Dorry Segev, MD, PhD, director of clinical research for the transplant surgery division at Johns Hopkins Hospital in Baltimore, says, “In the real world, chains cannot go on indefinitely. They will hit a wall either because someone drops out, competing chains are looking to match similar bridge donors or they reach a hard-to-match bridge donor like an AB donor. All of these problems are already happening, and people are starting to reconsider how long they want to keep their chains going.”

He adds that it's hard to predict when a chain will hit a wall, so limiting the length of the chain itself is probably unwise. “A reasonable solution is to limit the amount of time a bridge donor has to wait, ensuring you get the most you’re going to get out of the chain, and then you donate the last kidney to the waiting list,” he says. “This way, you’ll ensure that every nondirected donor makes a direct contribution to the waiting list, you ensure that a center is incentivized to enroll their nondirected donors—because you can promise them that eventually that last kidney will come back to their list—and you minimize the risk of donors backing out long after their intended recipient has been transplanted.”

Reference

HHS Issues Updated Conflict of Interest Rule

In August, the U.S. Department of Health and Human Services (HHS) issued an updated Final Rule on conflict of interest that provides a framework for identifying, managing and ultimately avoiding researchers’ financial conflicts of interest.1

Major changes to the Final Rule include:

  • • Investigators are now required to disclose to their institutions all significant financial interests related to their institutional responsibilities;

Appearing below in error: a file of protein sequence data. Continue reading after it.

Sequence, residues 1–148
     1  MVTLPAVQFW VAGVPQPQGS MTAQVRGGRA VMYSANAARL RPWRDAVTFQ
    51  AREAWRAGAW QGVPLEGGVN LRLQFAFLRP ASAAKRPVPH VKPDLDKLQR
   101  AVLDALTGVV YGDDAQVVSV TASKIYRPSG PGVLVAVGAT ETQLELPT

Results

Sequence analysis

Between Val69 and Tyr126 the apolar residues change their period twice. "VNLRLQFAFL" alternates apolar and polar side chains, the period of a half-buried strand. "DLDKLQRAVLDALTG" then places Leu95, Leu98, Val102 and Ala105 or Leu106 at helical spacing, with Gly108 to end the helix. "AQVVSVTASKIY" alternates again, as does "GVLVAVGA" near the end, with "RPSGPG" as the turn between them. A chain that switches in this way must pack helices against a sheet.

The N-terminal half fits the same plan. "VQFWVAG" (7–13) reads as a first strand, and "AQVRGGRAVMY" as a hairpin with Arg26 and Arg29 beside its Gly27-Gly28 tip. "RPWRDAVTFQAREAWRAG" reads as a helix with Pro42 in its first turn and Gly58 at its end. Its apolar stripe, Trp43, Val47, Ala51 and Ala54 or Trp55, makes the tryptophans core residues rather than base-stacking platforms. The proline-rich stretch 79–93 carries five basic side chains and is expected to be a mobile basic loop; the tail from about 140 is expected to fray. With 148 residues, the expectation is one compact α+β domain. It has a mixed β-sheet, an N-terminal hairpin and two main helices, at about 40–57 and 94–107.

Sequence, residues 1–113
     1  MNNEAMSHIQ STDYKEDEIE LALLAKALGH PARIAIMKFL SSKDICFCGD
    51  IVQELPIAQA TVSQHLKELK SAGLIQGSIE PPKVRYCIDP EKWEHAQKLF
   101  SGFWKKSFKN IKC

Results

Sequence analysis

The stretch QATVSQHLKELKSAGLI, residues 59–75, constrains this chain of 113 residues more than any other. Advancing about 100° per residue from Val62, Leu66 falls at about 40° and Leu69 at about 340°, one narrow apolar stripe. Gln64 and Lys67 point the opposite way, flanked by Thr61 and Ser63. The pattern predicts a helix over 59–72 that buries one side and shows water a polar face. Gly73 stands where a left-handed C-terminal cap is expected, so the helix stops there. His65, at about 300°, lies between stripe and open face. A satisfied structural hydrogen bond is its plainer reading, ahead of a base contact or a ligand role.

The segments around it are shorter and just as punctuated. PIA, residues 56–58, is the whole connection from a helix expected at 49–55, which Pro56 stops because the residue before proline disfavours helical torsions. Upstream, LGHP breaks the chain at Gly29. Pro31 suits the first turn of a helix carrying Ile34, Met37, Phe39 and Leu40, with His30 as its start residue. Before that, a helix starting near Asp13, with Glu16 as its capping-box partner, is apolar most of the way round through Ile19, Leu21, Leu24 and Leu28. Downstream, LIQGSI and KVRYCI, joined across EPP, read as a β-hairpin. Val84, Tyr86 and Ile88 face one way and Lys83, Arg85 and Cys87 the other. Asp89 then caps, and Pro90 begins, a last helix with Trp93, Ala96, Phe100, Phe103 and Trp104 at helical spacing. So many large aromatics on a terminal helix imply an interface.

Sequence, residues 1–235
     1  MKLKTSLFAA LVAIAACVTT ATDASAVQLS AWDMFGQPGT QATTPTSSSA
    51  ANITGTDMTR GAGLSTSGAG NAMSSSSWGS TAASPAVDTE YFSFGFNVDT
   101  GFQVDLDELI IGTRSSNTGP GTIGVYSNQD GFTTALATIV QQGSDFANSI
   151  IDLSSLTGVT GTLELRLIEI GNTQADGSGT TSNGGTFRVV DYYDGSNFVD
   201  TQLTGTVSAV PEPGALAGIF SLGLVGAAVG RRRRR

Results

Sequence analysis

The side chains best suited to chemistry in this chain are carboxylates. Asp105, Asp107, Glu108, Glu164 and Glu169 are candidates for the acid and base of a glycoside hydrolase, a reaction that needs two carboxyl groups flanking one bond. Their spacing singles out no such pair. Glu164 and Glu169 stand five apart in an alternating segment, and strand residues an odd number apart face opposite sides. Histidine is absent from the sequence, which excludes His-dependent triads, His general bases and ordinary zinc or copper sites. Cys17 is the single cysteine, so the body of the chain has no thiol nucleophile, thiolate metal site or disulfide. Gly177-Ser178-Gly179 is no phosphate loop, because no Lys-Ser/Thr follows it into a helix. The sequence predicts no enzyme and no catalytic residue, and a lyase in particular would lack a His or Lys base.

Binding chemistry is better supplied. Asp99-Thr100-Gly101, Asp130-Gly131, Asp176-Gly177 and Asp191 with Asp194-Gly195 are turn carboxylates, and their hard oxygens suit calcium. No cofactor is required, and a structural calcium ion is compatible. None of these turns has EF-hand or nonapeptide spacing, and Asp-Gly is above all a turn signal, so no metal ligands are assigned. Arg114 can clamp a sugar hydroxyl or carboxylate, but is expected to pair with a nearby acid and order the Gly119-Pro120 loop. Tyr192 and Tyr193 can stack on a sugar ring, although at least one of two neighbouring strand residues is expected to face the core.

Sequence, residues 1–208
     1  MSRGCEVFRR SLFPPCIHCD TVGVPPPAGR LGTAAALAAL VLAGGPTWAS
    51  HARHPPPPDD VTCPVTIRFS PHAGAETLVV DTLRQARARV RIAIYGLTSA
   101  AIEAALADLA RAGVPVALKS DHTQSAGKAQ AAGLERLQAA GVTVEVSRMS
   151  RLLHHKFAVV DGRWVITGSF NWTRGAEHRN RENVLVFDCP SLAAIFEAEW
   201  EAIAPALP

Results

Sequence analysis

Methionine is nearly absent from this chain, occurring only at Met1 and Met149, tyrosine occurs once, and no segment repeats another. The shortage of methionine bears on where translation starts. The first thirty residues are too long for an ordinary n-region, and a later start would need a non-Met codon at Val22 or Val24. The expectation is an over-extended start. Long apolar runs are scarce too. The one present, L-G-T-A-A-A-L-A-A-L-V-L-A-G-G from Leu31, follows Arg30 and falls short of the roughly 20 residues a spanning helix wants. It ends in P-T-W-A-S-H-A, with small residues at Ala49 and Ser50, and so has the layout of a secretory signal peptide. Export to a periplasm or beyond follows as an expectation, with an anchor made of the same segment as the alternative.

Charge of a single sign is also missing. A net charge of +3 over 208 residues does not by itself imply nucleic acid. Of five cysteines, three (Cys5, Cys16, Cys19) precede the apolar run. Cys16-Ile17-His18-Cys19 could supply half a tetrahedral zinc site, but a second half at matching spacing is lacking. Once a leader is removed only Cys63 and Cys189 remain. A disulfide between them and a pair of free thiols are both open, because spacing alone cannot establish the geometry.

• • The monetary threshold at which significant financial interests require disclosure has been lowered, generally from $10,000 to $5,000;
  • • Institutions are required to report additional information on identified financial conflicts of interest and how they are being managed;
  • • Institutions must make certain information accessible to the public regarding significant financial interests held by key personnel; and
  • • Investigators must complete training related to the regulations and their institution's financial conflict of interest policy.

A spokesperson for the American Society of Transplantation (AST) says the organization's Conflict of Interest Committee reviewed the new policy and believed it did not need further discussion. The AST policy is available at http://www.a-s-t.org/about-ast by clicking on “Conflict of Interest” under Governing Documents. The American Society of Transplant Surgeons (ASTS), whose policy can be seen at http://www.asts.org/TheSociety under “Position Statements,” sent notice of the updates to all members in September. The current ASTS policy will be reviewed at an annual board meeting in January.

Reference